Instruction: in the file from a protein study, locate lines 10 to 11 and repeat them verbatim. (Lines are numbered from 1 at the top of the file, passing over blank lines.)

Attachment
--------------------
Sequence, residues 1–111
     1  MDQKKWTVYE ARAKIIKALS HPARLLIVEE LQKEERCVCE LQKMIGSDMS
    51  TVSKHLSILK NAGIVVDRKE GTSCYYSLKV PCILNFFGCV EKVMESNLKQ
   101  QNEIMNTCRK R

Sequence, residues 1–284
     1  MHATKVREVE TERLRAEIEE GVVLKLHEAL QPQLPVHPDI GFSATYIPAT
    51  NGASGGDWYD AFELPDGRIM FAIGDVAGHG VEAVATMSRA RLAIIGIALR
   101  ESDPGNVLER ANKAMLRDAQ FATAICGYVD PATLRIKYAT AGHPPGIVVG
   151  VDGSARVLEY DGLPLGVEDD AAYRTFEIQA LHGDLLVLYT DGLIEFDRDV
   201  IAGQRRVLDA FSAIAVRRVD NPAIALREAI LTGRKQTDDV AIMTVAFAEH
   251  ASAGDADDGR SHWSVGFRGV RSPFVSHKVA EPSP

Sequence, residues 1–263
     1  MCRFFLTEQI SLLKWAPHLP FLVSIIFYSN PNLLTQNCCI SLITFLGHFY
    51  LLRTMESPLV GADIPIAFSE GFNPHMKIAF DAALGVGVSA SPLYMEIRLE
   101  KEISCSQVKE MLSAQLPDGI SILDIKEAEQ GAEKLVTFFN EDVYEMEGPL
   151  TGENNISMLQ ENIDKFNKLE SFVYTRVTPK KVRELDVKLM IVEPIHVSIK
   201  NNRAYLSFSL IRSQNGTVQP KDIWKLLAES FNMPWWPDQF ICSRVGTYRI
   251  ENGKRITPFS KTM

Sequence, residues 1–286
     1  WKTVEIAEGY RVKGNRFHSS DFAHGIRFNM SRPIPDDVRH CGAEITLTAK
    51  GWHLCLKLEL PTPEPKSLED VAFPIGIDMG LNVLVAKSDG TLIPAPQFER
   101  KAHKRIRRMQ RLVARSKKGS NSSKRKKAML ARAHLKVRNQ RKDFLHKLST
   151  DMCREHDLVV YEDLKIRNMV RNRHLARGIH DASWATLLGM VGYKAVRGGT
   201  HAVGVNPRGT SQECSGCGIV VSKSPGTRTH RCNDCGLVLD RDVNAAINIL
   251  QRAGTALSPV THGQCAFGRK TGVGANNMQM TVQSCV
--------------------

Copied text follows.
   201  IAGQRRVLDA FSAIAVRRVD NPAIALREAI LTGRKQTDDV AIMTVAFAEH
   251  ASAGDADDGR SHWSVGFRGV RSPFVSHKVA EPSP